Finding Joy

Posted 9/17/20

By ERIN O'BRIEN "As a kid I was not allowed to have a pet. I think I went overboard."e; Lidia said thoughtfully. Over the years Lidia and Scott Goodinson and their four children had a menagerie of house pets in their Norwood home. "e;We had everything but

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Finding Joy


“As a kid I was not allowed to have a pet. I think I went overboard…” Lidia said thoughtfully. Over the years Lidia and Scott Goodinson and their four children had a menagerie of house pets in their Norwood home. “We had everything but snakes!” explained Lidia, from dogs to mice to gerbils to hamsters, and even an aquarium of goldfish.

When Lidia and Scott found themselves with an empty nest, Lidia decided it was time for her own pet, a small bird, she decided, something that would match her lifestyle. Her husband Scott suggested a $25 canary, but Lidia had her sights set on a $125 cockatiel.

“I didn’t know how to buy a bird,” she admitted.

She learned from Renee at Jungle Junction in Cumberland, cockatiels were hand-fed. “You don’t pick the bird; the bird picks you!” Renee informed her, and directed Lidia to sit on the couch.

When Renee brought the White Faced Cockatiel out for an introduction, the little creature flew to Lidia instantly. The silvery gray bird put her head down to be scratched, and rubbed her cheek against Lidia’s. “I fell in love with her right then!” Lidia decided on the obvious choice for a name: Joy.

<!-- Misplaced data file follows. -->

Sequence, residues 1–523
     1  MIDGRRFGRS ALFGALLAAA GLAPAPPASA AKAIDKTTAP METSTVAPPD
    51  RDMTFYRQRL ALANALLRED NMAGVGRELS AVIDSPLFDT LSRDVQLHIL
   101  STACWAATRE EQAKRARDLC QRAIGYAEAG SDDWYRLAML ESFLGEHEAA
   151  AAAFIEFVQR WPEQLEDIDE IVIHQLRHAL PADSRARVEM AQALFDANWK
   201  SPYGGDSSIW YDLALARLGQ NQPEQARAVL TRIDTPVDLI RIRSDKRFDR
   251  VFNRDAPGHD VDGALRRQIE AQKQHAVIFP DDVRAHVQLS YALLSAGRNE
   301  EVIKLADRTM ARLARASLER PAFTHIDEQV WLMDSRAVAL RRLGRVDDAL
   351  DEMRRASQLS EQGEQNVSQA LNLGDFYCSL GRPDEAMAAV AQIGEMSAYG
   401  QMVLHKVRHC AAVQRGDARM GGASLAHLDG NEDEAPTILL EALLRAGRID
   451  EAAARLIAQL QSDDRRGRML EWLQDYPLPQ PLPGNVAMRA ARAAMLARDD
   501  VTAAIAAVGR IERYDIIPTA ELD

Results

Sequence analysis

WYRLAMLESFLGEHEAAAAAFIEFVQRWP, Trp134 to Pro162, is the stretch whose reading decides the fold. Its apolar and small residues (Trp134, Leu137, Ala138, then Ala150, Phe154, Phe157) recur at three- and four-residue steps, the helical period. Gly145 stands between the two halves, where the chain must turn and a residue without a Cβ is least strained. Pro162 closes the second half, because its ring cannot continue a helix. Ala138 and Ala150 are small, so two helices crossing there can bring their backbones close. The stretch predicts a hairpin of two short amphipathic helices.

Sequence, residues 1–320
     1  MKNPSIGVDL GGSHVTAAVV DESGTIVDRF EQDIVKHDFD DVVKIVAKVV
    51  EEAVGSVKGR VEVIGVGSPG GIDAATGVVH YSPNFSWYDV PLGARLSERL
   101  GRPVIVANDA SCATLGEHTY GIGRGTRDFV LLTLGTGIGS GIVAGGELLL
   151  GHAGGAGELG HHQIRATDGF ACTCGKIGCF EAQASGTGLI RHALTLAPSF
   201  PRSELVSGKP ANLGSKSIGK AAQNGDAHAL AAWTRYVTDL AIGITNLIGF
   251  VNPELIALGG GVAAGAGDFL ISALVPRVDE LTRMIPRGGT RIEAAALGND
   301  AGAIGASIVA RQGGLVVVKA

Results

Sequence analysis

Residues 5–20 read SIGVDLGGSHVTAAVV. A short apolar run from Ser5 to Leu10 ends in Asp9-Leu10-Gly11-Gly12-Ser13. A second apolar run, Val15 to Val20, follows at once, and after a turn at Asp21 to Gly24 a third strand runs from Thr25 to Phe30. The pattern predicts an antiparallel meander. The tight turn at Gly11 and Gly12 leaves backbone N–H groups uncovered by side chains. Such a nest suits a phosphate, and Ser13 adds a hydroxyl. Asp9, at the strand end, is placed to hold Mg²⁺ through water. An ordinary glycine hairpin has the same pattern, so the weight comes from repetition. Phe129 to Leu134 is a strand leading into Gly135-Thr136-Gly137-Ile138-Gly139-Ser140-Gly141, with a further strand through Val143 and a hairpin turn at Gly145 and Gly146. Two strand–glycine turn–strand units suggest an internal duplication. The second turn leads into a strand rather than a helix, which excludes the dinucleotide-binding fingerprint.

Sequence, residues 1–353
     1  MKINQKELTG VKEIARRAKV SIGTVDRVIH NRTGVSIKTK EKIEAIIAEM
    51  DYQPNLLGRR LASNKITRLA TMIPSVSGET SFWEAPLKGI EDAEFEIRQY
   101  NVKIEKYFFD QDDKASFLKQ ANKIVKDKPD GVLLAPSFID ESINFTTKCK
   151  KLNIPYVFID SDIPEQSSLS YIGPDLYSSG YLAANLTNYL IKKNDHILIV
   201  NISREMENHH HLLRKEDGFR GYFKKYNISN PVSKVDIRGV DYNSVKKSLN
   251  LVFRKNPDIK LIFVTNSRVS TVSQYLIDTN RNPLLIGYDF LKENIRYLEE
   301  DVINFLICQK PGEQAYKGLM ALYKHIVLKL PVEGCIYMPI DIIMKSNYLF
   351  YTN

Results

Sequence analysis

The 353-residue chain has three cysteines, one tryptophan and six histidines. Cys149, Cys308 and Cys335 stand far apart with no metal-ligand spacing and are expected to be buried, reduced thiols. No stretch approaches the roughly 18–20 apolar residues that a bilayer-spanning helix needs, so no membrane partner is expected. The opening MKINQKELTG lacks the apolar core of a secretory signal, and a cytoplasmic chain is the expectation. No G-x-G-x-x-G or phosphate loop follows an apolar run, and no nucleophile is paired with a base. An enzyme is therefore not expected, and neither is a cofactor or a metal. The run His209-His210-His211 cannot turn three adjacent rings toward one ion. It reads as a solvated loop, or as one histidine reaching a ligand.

Lidia’s little bundle of joy was hatched April 12, 2016 and adopted on November 9th of that year.

“I bought the cage and all the ‘fixin’s.” The veterinarian suggested clipping her wings until the bird was familiar with her way around the house, so she would not get injured. But Lidia felt strongly that a bird should not be caged, and its wing should not be clipped to prevent it from flying.

Unsure of the bird’s gender, Joy appeared to be female, based on the fact that males of the breed are more talkative. The new pet earned her name bringing joy to the Goodinson household, and settling into a comfortable routine. “Each morning Joy loops around the house,” Lidia says. After her morning exercise Joy returns for breakfast. “At 8:00 p.m. each night, Joy knows it’s bedtime and goes in her cage.”

On Labor Day Lidia was rushing around looking for her shoes to shake the sand out of them from her expedition to the beach. Joy flew into the living room and landed on Lidia’s shoulder. “I hesitated a moment,” Lidia recalls, “because I did not want to hurt her by closing the door. She was too quick.” She flew out the open door and headed north.

“I froze in a panic.”

“The entire day, Tuesday, I cried until I told myself, ‘You must get a grip!’” Lidia sprang into action.

On various pet sites online, Lidia posted Joy’s photo with her information. She printed 175 fliers and delivered them all over the neighborhood on her bicycle. “I was everywhere on my bike, whistling and calling Joy.”

Children on bikes would approach her and ask if she had found her bird yet.

Lidia did a lot of talking to God on her bike as well. She told Him she decided she was going to clean the cage so when Joy got home it would be clean for her. She and Scott put Joy’s cage outside with the door open, knowing that cockatiels have a two to five mile radius, and they waited.